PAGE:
KUALA LUMPUR • Dr Fadi al-Batsh, a well-liked electrical engineering lecturer and devout family man, always had a smile for his friends and students in the seven years since he moved to Malaysia from his native Gaza.
Last Saturday, as he walked outside his apartment building in suburban Kuala Lumpur, he was gunned down in a hail of at least 14 bullets by two men on a motorcycle.
It was the Palestinian man's undercover job - as what intelligence officials described as a technology expert for the military wing of the Gaza-based Hamas movement - that had put him in the cross hairs.
Malaysian officials said the attackers were "most likely born in the Middle East or in the West" but would not directly say who they thought was behind the killing.
Dr Fadi's family blamed Mossad, the Israeli spy agency.
That claim has been confirmed by Middle Eastern intelligence officials, who said the killing was part of a broader operation ordered by Mossad chief Yossi Cohen to dismantle a Hamas project that sends Gaza's most promising scientists and engineers overseas to gather know-how and weaponry to fight Israel.
Dr Fadi, who in 2013 co-wrote a paper on drone applications, had been sent there to research and acquire weapon systems and drones for Hamas, the intelligence officials said, speaking on condition of anonymity to discuss a classified programme.
Mossad has been particularly interested in Hamas' advances in unmanned aerial and underwater vehicles, the officials said, which could be used to attack Israeli targets more effectively than the rockets Hamas used during its last wars with Israel.
Israel has distanced itself from allegations that it was responsible for Dr Fadi's death. Defence Minister Avigdor Lieberman blamed the assassination on internal rivalries within the Palestinian leadership.
The killing of Dr Fadi, 35, in the Kuala Lumpur suburb of Gombak, known locally as Little Arabia, is bringing to light not only the increasing presence of Hamas and other groups here, but also Malaysia's emergence as an epicentre of international intrigue.
This was the second high-profile assassination in the Malaysian capital in little more than a year.
In February last year, Mr Kim Jong Nam, the half-brother of North Korean leader Kim Jong Un, was killed at Kuala Lumpur International Airport by two women who prosecutors said smeared a nerve agent on his face.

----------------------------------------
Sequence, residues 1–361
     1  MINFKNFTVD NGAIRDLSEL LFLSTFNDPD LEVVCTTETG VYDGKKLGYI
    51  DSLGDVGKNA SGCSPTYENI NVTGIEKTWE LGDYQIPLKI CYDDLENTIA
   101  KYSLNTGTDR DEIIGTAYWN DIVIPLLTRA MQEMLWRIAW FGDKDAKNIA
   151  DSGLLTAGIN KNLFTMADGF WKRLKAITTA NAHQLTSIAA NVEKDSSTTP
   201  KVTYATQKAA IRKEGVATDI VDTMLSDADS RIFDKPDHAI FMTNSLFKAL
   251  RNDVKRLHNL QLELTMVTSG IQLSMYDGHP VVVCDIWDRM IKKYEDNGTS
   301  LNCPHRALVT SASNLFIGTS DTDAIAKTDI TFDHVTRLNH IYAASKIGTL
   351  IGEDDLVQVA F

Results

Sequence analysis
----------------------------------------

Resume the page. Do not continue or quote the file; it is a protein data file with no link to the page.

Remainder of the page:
The women, from Indonesia and Vietnam, are on trial for his death, but at least seven North Koreans suspected of being linked to the killing escaped or were allowed to leave the country, officials said.
Malaysia is also known as a port for contraband, ranging from North Korean weapons to endangered animal products and illegally felled trees.
Malaysia's government has for decades been sympathetic to the Palestinian cause: It has no diplomatic relations with Israel, and Prime Minister Najib Razak visited Gaza in 2013 at the invitation of Hamas, which governs the territory.
The intelligence officials said that Hamas, in recent years, had begun seeing the country as an ideal place to incubate its research ambitions.
On the day he was killed, Dr Fadi was supposed to travel to Istanbul to attend an academic conference. One Middle Eastern intelligence official, however, said that Hamas' efforts to cultivate its scientists living abroad were directed from Istanbul, and that Dr Fadi was scheduled to meet the head of the unit, Maher Salah, upon arrival in Turkey.
Western and Middle Eastern intelligence officials said that Dr Fadi may have been involved in negotiating North Korean arms deals through Malaysia.
Egypt recently seized a shipment of North Korean communications components used for guided munitions destined for Gaza, they said. One intelligence official said that Dr Fadi had helped mediate the deal.
Malaysian officials rejected that report. And this week, officials here would not comment on the claims that Dr Fadi had been researching or trying to buy weapons systems.